China surpassed the U.S. as Africa’s biggest trading partner in 2009. Sino-African trade has grown in leaps and bounds since, rising to $210 billion in 2013 – more than double that of the U.S-Africa trade in goods that year.

America’s trade with African nations, on the other hand, dropped from $125 billion in 2011 to $99 billion the following year to $85 billion in 2013, according to Washington-based think tank, the Brookings Institution. Last year, Obama announced that U.S direct investment in Africa had risen 70 percent during his presidency.  But it still lagged behind China.
At an annual China-Africa Summit in South Africa in 2015, China pledged to invest another $60 billion in loans and investments into African development.  The main sectors benefiting were transportation, such as rail and road infrastructure development, energy and mining.  

Meanwhile, Trump has all but declared a trade war with China. Should he fulfill campaign promises, they could include officially labeling China a currency manipulator and bringing trade cases against China in the U.S. and with the World Trade Organization (WTO). 

Whether Trump will decide to take his fight to the Chinese on African soil is anyone’s guess, although some analysts suggest that his “America First” outlook suggests a dialing back of American engagement on the global stage. 

But challenging China as a competitor for economic dominance in Africa is a battle the U.S. is unlikely to win, Ghenna said.  “There is already a momentum with China that is difficult to restrain.”


Thursday, June 9, 2016

Where did the black banks go?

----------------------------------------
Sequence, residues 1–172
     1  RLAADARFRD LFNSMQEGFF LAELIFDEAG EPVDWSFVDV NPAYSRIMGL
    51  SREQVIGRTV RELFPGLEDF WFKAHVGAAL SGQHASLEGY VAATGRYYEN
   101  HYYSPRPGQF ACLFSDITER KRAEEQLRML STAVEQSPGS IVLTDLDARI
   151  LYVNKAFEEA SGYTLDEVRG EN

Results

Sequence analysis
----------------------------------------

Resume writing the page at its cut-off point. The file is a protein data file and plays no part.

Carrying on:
(Part 1 of a two-part series)
By Patrice Gaines, Urban News Service
(750 words)

America has half as many black-owned banks as existed 15 years ago.
“People assume [black bankers] don’t know what they are doing,” said Alden McDonald, CEO of New Orleans-based Liberty Bank and Trust. “Put yourself in these shoes: We are located in communities in which all of the large banks have moved out of because it’s not profitable for them to do business there.”

The number of black-owned banks fell 54 percent between 2001 and 2016, according to the Federal Deposit Insurance Corporation. 

iberty Bank and Trust CEO Alden McDonald cuts the ribbon at Liberty Bank Sci Academy Senior Science Lab in New Orleans.

Photo: Liberty Bank Facebook page 

Historically, these banks have stimulated and revitalized their communities while also financing customers whom major banks have shunned. 

“From 1888 to 1934, African-Americans owned more than 130 banks in the U.S., and the number of black-owned businesses rose from 4,000 to 50,000,” McDonald said at a January ceremony in which the U.S. Treasury Department named an annex the ”Freedman’s Bank building” after the bank Congress incorporated to help “freed” blacks transition from slavery.

Integration ended that economic boom. Black business districts disappeared as black consumers spent their dollars elsewhere. Many black banks, the institutions that extended loans for start-ups and renovations, disappeared as well.

Today, black banks are struggling to overcome the ripple effects of the Great Recession, in which they suffered more than larger banks. And only a few black banks qualified for the federal bailouts that major financial institutions gleaned.